With a shake of her head, Kelsey-Lee Barber told herself she wasn't going out like that.
And the Canberra javelin thrower unleashed the third biggest throw of the qualifying rounds - and her biggest throw of the year - to progress to Friday's Olympic final.
The 2019 world champion started slowly with two disappointing efforts and needed a big throw with her third-and-final attempt on one of the world's biggest stages.
She not only did that, but her effort of 62.59 metres took her from the verge of elimination back into medal contention in the blink of a javelin.
But it all looked lost after her first two throws of 51.27m and 53.82m, which had her needing to at least beat 60.94m with her last throw.
Having missed out on the 2016 Olympic final in Rio de Janeiro, Barber had vowed that wasn't happening again.
She produced when it mattered most.
"I've got to stop doing that, really," Barber told the Seven Network.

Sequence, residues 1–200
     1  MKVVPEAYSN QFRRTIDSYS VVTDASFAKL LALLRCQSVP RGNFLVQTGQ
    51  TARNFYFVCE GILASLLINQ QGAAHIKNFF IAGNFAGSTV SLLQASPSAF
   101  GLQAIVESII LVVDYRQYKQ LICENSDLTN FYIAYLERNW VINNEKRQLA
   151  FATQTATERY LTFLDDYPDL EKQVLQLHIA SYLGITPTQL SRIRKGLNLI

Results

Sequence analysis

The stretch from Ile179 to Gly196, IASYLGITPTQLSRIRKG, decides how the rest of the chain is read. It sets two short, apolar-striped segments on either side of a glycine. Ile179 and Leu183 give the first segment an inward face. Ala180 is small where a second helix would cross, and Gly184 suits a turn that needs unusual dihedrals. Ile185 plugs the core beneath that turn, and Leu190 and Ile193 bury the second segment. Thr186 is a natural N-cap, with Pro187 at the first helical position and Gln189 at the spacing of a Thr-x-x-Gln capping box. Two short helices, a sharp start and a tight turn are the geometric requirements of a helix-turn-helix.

"Sure it's fun for TV viewing, but I'm sure my coach Mike gets a heart attack every time, putting him in the hot seat for that final throw.
"I just had flashbacks to the 2018 Commonwealth Games where my throws were pretty, they were neat, but there was just nothing on them and I was just not going out like that.
"That was my Rio experience and I was not having a repeat of that so it was time to get fired up, be a competitor, be a performer and put something out there and throw the javelin. So I'm really happy I did that."
She'll be joined in the final field of 12 by two other Australians, with Mackenzie Little (62.37m) and Kathryn Mitchell (61.85m) also qualifying.
Poland's Maria Andrejczyk had the field easily covered with her effort of 65.24m
The past few years have been a struggle for Barber, with injury and form struggles on top of the pandemic that's turned everyone's worlds upside down.
But now she's in the final. And there's only one thing on her mind.
"It's been really up and down to be honest. The best way to describe these last couple of years has been character building," Barber said.
"There's been things thrown at me I'd never have anticipated as an athlete and as a person, and I've had to find new ways to grow.
"I'm really happy to be here and I'm super, super excited for the final because I said in Rio I would be back out here ready to fight for a medal and I'm so in that space."